Posting P-40 on iModeler is a very good idea 🙂

  4. Hi Miha – nice diorama and the #75 with the RAF and Chinese roundels is a really interesting touch. Lots of action and activity. Nicely executed. I will take minor offense at any disparaging remarks regarding the Monogram kit – that is truly a classic from my youth 🙂

  5. Very nice work. I am sure R.T. Smith, who was among those taking pictures that day (as usual) would approve.

    Regarding the Monogram P-40: this is actually the only accurate P-40B out there in regard of shape. Also, the raised detail is right! The airplane only had flush riveting on the leading edge of the wing back to the main spar, all the rest were raised rivets. Also, many of the panels were lapped, and it happens that raised panel lines do a better job of recreating that look. This is said from having been around the three P-40Cs that have been restored out at Planes of Fame/Fighter Rebuilders since 1998.

    • Hi Tom!
      I agree, the engraved panels of modern kits today are mostly undeservedly praised to heaven. On real planes the situation is many times different (laped pannels etc.). But this way or the other, in real world, especially in the war, a lot of dirt accumulated along the panel lines. And these lines are clearly visible on many AVG photos of P-40. By my opinion the engraved panel is the best solution to recreate dirty panel lines on a scale model, even if it is not accurate compared to real plane. You could hardly get the raised panels of old Monogram model to stand out, like on photos, in any other way.

  6. A note for those doing these airplanes: the “flying tiger” was created for them by Disney Studios and sent out in late February. It was a decal, and was put on the airplanes on an “as available” basis, with the last of them finished when Claire Booth Luce arrived from LIFE Magazine and her photographer took the famous color photos in March 1942. All the tigers have a “dark surround” to them because – as Erik Shilling explained to me – they were unsure if the decal might lift under the airstream at speed, so they varnished them after applying them with a nice thick coat, which gave a much shinier surface than the rest of the well-weathered airframes. It also did the same thing applying gloss varnish will do to your flat finishes that have yet to be varnished – i.e., darken the color.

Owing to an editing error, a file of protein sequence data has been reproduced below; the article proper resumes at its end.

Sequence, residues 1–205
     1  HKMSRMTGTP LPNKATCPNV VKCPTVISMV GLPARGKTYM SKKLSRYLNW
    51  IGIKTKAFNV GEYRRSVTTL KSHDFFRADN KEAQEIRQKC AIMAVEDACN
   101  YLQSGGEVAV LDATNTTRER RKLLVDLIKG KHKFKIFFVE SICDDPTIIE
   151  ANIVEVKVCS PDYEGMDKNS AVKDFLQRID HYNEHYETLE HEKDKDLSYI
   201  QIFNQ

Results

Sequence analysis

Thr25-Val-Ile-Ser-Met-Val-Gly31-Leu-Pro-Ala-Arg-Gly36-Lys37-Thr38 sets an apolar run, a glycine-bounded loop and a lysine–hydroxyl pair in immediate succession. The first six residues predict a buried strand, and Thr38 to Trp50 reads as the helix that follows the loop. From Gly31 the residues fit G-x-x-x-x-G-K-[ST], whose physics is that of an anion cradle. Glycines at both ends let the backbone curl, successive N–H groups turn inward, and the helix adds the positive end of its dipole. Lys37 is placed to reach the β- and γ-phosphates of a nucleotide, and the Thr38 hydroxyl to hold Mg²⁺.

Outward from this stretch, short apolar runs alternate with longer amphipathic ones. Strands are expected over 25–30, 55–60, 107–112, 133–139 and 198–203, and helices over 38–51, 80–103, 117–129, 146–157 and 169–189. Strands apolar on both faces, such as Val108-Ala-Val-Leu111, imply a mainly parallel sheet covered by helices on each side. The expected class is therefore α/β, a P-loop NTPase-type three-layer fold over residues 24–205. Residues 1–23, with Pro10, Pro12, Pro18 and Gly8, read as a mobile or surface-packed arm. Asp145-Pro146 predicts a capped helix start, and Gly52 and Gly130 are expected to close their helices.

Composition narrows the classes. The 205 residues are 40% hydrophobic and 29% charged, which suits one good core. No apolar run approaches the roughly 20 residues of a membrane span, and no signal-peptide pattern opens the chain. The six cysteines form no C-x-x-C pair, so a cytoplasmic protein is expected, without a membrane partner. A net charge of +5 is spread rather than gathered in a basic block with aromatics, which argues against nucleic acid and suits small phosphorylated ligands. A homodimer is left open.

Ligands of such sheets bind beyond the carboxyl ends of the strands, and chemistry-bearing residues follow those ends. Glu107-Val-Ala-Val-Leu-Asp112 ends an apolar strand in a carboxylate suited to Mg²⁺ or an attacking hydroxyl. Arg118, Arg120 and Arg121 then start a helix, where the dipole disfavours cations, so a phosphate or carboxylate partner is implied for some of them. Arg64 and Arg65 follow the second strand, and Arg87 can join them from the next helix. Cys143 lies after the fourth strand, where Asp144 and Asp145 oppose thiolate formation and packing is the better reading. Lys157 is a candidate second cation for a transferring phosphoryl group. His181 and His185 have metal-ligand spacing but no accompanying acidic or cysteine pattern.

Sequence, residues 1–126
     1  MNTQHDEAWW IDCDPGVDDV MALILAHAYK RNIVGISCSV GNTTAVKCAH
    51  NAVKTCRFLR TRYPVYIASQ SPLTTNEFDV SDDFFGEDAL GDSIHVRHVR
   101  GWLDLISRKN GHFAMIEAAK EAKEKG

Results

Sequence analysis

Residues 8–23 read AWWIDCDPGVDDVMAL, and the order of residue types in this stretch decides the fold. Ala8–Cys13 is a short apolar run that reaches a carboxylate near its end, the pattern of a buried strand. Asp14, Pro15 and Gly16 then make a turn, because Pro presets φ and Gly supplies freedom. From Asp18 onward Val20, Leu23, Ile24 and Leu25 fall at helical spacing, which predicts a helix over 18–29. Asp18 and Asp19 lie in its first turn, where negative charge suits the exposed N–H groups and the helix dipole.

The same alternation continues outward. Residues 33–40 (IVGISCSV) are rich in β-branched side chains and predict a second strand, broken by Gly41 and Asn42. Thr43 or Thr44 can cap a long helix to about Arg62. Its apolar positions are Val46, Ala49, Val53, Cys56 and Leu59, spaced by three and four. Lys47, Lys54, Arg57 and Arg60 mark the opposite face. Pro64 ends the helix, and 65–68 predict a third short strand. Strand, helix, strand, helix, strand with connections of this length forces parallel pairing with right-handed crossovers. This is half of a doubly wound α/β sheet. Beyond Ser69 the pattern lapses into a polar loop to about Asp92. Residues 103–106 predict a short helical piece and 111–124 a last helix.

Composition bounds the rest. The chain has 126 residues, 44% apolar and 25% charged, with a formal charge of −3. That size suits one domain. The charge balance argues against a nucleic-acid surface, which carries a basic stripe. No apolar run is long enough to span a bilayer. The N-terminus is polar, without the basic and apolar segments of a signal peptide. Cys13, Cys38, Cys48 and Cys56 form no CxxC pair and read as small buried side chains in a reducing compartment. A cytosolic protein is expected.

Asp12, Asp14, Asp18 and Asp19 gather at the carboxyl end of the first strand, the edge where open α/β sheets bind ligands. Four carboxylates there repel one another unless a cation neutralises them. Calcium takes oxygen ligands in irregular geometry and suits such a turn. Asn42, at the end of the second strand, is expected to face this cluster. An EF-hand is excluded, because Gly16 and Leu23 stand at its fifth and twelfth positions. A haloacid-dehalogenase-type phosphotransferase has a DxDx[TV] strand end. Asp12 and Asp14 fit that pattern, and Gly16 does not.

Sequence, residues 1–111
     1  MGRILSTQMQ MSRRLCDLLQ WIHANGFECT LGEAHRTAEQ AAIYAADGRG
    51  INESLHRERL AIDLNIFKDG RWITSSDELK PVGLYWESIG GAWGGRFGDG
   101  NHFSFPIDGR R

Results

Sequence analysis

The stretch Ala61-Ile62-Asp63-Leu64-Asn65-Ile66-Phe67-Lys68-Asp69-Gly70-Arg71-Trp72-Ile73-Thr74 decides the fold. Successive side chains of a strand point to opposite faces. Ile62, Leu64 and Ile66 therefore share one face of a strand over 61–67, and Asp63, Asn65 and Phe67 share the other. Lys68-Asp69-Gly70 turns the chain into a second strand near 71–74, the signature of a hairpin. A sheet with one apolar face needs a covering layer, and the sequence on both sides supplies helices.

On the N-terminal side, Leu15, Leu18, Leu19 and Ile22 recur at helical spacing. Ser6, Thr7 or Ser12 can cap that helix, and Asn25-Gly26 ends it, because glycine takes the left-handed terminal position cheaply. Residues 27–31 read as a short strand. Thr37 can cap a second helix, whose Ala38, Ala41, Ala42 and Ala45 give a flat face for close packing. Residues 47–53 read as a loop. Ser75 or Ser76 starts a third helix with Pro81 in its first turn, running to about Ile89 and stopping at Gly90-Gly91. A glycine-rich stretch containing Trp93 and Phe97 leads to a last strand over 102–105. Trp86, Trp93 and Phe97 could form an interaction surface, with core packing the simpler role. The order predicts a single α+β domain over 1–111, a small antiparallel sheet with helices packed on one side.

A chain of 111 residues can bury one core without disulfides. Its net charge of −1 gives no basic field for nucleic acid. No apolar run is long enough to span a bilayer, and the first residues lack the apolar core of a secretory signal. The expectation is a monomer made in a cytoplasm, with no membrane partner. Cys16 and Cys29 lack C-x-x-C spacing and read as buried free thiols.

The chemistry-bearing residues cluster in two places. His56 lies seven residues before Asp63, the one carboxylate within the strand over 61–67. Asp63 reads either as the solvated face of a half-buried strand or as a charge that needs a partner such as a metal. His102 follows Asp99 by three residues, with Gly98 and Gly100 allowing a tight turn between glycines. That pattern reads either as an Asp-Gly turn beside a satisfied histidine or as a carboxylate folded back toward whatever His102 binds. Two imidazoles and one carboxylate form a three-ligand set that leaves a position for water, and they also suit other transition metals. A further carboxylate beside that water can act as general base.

7. What a great diorama Miha. Your models are outstanding. Nice bit of homework on your part to add to the realism.
    California Steve

  8. Simply MAGNIFICENT Miha!!!

  9. A very nice dio. Compact, yet busy, with excellent detail.

  10. Brilliant dio. Very well done.

  11. Lots of work has gone into making these scene, Miha, and you’ve achieved an overall excellent consistent standard, it’s great!

  12. Great work there Miha, looks real enough scene.

  13. Nice work, Miha. I’m hoping we get a new early P-40 soon.

  14. Excellent work, Miha. A very impressive diorama.

  15. Outstanding work, it looks awesome. Congratulations!

  16. Mina,
    Great work on the entire diorama.